“The only option available to take this to the next level is to unify the buildings and get together at the Austin Convention Center.”
But, he added, that’s not something SXSW is pursuing quite yet.
Formed in 1987, South By Southwest started out as a regional celebration of music, but quickly became a national venue for major groups. In 1993, the show moved to the Austin Convention Center. A year later the show added components for film and other media. By 1995, film and multimedia were their own parts of the show, with multimedia renamed to Interactive.
The collection of interlinked shows typically runs for about 10 days, with gaming running the first three days, Interactive the first five, music the last six and film spanning the whole show.
While some argue that the broader SXSW show as a whole has lost its purpose as a place for grassroots creators to find an audience, that certainly felt like the case for much of SXSW Gaming.
Talks included Kirkman discussing Creator Activision and the importance of creators maintaining control of their works and discussions of gaming as therapy, while much of the expo floor was dedicated to an eclectic array of independently developed video games.
Championing indie game development could be a way to both fit into the greater culture of South by Southwest and set itself apart from the slew of other video game expos that continue to clutter the calendar in the United States.
Burnham sees South by Southwest Gaming as a place where an unusual mix of artists can come together not just from gaming, but from the worlds of film, music and other forms of interactivity. And it’s that idea that powers his desire to continue to grow gaming’s footprint at the show.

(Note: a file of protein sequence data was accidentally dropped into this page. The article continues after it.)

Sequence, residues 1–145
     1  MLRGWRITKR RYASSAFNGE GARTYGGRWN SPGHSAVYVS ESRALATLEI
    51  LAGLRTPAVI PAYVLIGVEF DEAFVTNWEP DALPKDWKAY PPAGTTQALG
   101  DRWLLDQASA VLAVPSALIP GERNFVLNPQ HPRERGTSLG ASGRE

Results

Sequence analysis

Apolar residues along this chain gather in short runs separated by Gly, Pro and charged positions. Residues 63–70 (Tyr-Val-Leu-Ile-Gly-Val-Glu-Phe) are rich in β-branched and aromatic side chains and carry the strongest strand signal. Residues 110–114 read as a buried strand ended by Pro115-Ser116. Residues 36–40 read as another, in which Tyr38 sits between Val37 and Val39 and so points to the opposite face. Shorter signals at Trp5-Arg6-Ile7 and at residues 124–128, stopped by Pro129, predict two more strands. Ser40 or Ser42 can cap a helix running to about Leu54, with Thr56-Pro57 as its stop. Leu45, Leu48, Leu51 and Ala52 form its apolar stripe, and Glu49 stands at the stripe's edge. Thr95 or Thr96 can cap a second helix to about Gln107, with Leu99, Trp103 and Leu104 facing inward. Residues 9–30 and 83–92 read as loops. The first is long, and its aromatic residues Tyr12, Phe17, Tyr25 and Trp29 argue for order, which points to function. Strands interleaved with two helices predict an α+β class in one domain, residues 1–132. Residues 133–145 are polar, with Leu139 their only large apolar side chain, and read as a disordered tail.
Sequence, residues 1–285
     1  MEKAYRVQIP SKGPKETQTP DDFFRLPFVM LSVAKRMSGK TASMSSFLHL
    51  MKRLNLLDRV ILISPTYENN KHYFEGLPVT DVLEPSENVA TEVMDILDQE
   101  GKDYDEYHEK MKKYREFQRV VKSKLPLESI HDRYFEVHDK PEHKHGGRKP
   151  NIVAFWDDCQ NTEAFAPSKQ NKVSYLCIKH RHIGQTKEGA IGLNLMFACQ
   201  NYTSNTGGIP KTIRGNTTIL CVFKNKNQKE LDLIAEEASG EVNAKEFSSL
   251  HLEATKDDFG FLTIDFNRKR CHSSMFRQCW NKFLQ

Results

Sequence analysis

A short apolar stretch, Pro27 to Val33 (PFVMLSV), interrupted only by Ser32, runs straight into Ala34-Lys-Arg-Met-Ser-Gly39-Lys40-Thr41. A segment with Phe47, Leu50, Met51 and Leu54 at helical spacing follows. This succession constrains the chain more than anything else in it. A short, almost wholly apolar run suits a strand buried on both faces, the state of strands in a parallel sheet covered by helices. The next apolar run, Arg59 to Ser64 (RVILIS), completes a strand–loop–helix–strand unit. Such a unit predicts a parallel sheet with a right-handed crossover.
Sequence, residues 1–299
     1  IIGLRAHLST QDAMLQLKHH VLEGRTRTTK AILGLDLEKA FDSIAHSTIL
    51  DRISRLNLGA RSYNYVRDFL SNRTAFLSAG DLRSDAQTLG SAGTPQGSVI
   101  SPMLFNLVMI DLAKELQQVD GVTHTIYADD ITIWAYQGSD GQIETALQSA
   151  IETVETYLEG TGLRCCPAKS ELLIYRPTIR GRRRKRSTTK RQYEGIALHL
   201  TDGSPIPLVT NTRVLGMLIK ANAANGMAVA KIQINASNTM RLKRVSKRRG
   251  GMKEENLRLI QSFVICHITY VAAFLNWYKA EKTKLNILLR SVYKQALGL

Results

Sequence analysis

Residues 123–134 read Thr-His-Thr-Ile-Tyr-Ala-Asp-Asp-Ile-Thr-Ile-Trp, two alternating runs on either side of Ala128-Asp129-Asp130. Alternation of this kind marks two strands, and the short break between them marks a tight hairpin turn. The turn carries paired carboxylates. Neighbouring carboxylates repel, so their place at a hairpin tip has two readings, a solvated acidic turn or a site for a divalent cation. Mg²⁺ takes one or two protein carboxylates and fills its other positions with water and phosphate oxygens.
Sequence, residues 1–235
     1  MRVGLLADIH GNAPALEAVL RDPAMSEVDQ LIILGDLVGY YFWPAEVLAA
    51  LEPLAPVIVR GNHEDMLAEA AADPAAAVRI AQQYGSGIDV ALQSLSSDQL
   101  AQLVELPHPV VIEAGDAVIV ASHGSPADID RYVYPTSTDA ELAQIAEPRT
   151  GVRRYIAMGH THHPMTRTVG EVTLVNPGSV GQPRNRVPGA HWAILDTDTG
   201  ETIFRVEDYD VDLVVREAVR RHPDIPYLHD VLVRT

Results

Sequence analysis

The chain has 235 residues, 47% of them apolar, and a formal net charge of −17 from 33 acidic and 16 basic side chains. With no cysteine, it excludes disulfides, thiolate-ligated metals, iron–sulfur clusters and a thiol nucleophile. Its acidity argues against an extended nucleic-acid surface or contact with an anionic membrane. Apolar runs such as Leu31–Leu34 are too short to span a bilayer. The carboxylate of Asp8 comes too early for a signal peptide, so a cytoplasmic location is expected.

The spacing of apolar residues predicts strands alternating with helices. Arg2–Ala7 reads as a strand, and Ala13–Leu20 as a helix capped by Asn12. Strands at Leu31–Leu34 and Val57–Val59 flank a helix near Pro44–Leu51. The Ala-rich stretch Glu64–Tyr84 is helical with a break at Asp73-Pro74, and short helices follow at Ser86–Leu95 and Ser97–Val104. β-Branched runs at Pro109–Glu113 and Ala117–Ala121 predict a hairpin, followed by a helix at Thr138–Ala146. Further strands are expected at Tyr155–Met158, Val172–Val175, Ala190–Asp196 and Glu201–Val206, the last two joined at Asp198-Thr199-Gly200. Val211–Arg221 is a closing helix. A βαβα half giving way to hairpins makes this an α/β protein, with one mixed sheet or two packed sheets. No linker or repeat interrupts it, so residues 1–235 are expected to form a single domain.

“The sky is the limit,” he said. ‘There are so many ideas going on in my head. I want more industry-side panels, consumer-side panels. I watch workshops. I want pitch rooms where game developers can meet with studios for 15 minutes.”
Hugh Forrest, director of the SXSW Interactive Festival, said that while it would be great to get Gaming closer to the Austin Convention Center, they just don’t have the room.
“The current location at the Palmer Events Center is 70,000 square feet,” he said. “There is nothing that big in downtown — aside from the Austin Convention Center, which already houses the SXSW Trade Show.
“All that said, the Palmer Events Center really isn’t that far from downtown. By foot, it is about a 20 minute walk. By taxi or pedicab or shuttle bus, it is much, much faster.”
But Forrest agrees that Gaming has outgrown its current location.
“The SXSW Gaming Expo has grown a lot over the last few years,” he said. “At this point, we have probably outgrown the venue where it currently resides (the Palmer Events Center). So, I’d love to see the event find more room to grow in the next few years. And not just grow in size but grown in quality. We are doing some good things at the SXSW Gaming Expo. But, we can do some even cooler stuff in the next few years.”
(Good Game is an internationally syndicated weekly news and opinion column about the big stories of the week in the gaming industry and its bigger impact on things to come. Brian Crecente is a founding news editor of Polygon.)
©2015 Brian Crecente
Distributed by Tribune Content Agency, LLC